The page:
Marsha Jeppeson's page

Teaching Style Survey
Fall 2011
FALL 2011 Teaching Schedule (at CSUS)
All classes are MGMT 21 (First-Year Seminar)
T/R 9:00 to 10:15 AM
T/R 1:30 to 2:45 PM
T/R 3:00 to 4:15 PM

FALL 2011 Teaching Schedule (at SCC)
MW 9:00 to 10:20 AM (Group Communication)
MW Noon to 1:20 PM (Public Speaking)

I finished taking the Teaching Style Survey last week; here are my results:


At first blush, what do I think about these scores: I use a eclectic mix of styles, yet play down the expert over formal, personal, facilitator, and delegator. Highest score is facilitator which does mirror my view of myself in the classroom, professional activities, and community service.

I answered the questions based on my current teaching load which includes all First-Year Seminars at CSUS. I will go back and complete for other classes. I wonder at this moment how much they will (might) vary.

Also, I felt challenged by the survey (which is frequently the case with forced-choice questionnaires) in that I wanted to say none of the above or sometimes, but not always. This is my own resistance to quantitative research to the exclusion of qualitative.

I pulled some information from my RTP file and included those ideas below:

I have a dynamic and interactive teaching style that incorporates a “playfully serious” quality.

I prepare my courses with the outlined CBA objectives and structure class and course assignments to follow those objectives. I am intentional in creating challenging assignments, working with high standards, using theoretical and applied reading, and designing an interactive classroom (even with high enrollment numbers and the experiential requirement of most organizational behavior courses).

I work to involve the students and to encourage rigorous evaluation of each other (including me). I describe my courses as the “high-effort” alternative and am quite clear in both the syllabus and course overview that the course will require commitment, effort, and usually a collaborative project. I learn all of the students’ names and work from a Socratic teaching style designed to keep students engaged. I furnish the students with written and oral assignment directions and spend extensive time clarifying and providing samples to supplement my expectations and their understanding.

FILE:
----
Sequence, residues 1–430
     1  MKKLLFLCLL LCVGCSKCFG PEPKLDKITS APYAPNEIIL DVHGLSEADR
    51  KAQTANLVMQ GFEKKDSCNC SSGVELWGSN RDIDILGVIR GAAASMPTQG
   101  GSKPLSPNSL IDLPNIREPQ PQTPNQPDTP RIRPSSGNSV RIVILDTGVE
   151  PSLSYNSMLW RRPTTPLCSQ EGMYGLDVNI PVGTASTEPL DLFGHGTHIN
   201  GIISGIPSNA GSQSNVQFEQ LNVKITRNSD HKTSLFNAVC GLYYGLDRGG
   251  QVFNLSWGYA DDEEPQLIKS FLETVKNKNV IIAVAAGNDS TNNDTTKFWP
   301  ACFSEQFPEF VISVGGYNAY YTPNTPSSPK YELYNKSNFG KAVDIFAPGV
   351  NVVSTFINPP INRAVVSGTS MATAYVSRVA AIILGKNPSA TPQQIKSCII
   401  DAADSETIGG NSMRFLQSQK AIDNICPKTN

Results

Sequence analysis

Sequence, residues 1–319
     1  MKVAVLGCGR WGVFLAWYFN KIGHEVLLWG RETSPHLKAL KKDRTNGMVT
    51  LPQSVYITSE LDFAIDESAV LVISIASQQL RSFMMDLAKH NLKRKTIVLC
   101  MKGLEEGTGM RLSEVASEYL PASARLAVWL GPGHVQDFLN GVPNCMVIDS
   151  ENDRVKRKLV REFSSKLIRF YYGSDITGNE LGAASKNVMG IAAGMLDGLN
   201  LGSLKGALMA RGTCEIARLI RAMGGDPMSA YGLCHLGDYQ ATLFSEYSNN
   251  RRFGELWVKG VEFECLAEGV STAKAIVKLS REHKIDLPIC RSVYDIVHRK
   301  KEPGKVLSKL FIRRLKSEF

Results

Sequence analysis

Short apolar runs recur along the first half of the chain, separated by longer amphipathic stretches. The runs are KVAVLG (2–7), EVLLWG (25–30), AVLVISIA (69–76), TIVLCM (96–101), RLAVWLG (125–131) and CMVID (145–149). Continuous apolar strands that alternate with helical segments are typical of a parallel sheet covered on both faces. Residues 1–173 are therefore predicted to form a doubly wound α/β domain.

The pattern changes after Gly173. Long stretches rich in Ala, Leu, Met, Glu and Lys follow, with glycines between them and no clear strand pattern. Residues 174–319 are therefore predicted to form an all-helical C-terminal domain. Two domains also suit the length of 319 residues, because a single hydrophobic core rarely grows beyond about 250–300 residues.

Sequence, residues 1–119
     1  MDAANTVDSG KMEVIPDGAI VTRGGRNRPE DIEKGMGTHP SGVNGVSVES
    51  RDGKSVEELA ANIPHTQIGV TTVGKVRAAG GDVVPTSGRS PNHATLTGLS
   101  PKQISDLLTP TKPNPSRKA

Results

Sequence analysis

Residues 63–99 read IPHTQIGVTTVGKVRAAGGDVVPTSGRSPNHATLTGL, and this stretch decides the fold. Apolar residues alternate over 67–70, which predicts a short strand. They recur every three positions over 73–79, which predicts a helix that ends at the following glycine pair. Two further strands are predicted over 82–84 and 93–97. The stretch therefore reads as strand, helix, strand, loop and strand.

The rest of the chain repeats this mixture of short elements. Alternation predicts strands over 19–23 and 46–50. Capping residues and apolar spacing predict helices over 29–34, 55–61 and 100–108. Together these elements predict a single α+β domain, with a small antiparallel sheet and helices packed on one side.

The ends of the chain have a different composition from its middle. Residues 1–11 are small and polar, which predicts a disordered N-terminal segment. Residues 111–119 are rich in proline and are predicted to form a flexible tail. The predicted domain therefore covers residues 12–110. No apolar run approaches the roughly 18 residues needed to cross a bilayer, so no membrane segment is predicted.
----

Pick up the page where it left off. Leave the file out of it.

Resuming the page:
In spite of the fact that a significant weight is given to student evaluations, I have the courage to have high standards that make the course challenging to teach and take. I am also intentional in creating assignments that have application in the students’ personal and professional lives. I work at being both a fair and rigorous guide in the learning process.
Burning Questions:

  1. If there are strategies that can be taught to faculty and students, how do we use them in our current impoverished university environment?
  2. How can we develop ways of thinking that help us intellectually, emotionally and relationally? Can those ways be easily shared with others?
  3. What is the application of cognitive coaching for general well-being, resiliency, and healthy aging?